5. The Indispensable Calvin and Hobbes by Bill Watterson
In the same way that a child sees an empty cardboard box as a spaceship or a house, a city planner must also be able to see a street as an empty canvas for creativity. If you're struggling to find those creative juices, then Calvin and Hobbes is the quintessential story to inspire anyone to think with imagination and creativity again. Try not to always sees things as they are, see things as your five-year old self would see them.

What about you, are there any books you recommend?

Wednesday, 10 February 2016

Tuesday, 9 February 2016

The ABC's of the Planning Profession

A is for Action
What a good plan always takes
B is for Bicycle
Turning sharrows to separated lanes

C is for Car Share
Using our stuff more sustainably 
D is for Density
A great tool, when done gently

E is for Equity
Making partnerships, not cliques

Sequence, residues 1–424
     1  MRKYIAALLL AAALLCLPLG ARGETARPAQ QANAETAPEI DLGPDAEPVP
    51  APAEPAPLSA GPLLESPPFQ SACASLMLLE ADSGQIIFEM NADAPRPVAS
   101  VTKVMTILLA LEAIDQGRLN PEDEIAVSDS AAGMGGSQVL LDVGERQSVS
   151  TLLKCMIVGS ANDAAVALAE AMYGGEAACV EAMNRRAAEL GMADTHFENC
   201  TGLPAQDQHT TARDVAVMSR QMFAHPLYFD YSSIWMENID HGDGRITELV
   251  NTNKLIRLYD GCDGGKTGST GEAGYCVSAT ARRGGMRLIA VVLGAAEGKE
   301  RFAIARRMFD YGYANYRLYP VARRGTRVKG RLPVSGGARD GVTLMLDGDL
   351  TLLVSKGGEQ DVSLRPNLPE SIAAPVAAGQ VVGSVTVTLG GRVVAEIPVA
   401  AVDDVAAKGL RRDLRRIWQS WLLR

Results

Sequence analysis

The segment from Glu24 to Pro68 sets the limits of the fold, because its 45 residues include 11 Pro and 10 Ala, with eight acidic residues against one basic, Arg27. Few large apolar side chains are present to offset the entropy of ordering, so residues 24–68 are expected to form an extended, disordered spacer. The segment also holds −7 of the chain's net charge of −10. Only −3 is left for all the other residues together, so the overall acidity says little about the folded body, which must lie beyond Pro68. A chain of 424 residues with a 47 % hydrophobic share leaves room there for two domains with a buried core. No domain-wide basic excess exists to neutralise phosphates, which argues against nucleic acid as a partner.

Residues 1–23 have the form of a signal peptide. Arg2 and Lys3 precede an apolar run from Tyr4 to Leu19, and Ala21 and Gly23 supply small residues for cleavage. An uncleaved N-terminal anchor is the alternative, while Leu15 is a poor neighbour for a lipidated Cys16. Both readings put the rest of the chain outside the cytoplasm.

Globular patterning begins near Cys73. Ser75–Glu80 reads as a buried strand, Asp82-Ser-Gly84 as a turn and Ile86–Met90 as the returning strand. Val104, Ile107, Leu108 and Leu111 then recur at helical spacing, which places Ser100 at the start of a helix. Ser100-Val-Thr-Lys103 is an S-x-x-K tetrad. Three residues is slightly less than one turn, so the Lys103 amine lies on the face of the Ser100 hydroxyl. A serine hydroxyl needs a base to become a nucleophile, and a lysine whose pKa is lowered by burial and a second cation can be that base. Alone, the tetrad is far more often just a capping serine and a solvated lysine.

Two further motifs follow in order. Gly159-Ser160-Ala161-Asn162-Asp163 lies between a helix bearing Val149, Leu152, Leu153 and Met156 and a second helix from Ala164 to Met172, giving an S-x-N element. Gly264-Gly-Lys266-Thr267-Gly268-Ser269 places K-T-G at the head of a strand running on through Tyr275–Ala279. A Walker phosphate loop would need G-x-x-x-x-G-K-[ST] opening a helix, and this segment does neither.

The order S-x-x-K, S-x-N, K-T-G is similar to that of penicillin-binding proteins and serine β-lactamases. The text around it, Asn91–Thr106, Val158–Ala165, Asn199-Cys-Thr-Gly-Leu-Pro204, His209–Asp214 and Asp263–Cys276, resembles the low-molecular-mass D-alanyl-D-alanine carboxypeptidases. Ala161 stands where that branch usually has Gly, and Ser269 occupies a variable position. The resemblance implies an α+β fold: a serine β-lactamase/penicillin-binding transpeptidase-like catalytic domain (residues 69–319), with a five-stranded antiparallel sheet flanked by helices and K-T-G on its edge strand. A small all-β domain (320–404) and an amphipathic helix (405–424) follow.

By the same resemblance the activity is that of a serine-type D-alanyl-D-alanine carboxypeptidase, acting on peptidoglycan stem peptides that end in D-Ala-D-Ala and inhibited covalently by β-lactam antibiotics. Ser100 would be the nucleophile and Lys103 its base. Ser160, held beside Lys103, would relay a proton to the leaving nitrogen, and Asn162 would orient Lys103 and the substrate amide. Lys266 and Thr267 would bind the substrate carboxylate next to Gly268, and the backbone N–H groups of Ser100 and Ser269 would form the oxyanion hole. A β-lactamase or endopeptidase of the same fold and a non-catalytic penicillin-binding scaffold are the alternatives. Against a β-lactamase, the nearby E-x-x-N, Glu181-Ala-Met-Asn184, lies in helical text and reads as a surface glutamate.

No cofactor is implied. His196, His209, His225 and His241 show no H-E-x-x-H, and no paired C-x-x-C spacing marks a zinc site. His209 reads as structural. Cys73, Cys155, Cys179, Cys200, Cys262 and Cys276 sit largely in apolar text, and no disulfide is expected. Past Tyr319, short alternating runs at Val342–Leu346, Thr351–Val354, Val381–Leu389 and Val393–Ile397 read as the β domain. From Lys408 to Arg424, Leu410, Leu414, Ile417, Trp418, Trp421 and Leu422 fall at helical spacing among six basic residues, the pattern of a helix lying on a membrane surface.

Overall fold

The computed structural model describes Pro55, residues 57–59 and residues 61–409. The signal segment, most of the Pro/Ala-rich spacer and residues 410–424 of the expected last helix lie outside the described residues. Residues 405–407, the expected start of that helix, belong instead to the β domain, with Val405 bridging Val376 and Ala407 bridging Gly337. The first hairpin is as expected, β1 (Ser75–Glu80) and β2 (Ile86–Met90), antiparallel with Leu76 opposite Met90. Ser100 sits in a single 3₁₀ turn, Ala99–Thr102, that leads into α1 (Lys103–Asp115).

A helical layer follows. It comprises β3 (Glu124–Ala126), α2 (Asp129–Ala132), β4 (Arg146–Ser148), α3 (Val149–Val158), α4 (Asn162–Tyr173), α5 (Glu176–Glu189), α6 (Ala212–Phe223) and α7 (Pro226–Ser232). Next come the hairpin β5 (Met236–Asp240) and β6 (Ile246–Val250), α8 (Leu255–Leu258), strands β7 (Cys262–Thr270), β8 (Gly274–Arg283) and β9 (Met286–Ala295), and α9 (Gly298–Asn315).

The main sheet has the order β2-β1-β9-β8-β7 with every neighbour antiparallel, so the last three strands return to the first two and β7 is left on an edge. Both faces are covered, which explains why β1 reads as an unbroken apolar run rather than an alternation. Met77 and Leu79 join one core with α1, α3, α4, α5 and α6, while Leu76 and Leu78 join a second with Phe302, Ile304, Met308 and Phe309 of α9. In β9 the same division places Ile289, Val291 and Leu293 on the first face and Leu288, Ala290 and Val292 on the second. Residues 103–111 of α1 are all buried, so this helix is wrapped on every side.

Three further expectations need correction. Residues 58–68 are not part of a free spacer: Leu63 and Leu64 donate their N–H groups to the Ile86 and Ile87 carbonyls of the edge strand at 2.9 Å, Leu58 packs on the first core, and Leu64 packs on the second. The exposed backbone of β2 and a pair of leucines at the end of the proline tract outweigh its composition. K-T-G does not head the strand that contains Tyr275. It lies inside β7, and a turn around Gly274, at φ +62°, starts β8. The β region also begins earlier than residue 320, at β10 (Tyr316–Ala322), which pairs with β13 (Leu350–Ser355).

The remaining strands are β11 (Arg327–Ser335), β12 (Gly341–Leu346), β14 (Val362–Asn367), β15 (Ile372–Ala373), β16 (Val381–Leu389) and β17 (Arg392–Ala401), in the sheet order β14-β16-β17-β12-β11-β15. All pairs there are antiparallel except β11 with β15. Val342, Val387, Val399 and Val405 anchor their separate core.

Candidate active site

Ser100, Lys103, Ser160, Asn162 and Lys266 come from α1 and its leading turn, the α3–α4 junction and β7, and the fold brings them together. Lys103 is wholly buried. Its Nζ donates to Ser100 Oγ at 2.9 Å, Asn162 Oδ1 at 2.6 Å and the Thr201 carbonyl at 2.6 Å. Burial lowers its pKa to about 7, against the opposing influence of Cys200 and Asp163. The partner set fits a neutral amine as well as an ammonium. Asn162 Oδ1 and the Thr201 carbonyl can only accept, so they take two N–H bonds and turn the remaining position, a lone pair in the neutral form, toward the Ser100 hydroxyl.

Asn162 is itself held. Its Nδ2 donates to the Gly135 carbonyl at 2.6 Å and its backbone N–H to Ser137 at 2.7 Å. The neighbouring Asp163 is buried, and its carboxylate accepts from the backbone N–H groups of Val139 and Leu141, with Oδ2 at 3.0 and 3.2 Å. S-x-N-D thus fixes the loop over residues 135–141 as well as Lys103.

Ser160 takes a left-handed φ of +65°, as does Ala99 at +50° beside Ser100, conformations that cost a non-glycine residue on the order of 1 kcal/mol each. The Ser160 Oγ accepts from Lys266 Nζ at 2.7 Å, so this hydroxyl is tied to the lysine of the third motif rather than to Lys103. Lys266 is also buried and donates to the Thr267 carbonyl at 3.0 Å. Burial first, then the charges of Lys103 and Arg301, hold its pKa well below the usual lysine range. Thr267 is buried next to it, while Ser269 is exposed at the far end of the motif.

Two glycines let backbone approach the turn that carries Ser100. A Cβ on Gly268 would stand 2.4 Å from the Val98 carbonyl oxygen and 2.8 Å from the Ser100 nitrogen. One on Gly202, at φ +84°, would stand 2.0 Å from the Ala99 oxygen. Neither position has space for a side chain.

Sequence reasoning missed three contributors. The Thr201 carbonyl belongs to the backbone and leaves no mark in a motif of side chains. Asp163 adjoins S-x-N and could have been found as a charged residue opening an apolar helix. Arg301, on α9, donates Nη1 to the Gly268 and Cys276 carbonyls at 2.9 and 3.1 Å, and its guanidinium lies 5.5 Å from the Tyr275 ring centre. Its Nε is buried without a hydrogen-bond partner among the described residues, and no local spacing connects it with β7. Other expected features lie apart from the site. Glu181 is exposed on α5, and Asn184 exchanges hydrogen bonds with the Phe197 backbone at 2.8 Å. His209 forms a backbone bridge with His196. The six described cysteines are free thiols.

F is for Facilitate
A fancy word for letting people speak

G is for Greenspace
Go outside and play
H is for Happy
How cities should feel everyday

I is for Inquire
When something doesn't seem right
J is for Jane Jacobs
Who knew when it was time to fight

K is for Knowledge
The more you listen, the more you know
L is for Locals
Talk to them for the real down-low

M is for Maps
Bring out your crayons and felt pens
N is for Neighbourhoods
Where strangers can become friends

O is for Open
For businesses made locally
P is for Placemaking
Making spaces people don't want to leave

Q is for Questions
Like, Why Does It Always Have To Be This Way?
R is for Rezoning
Get comfortable with constant change

S is for Sidewalks
The backbone of "A to B"
T is for Transit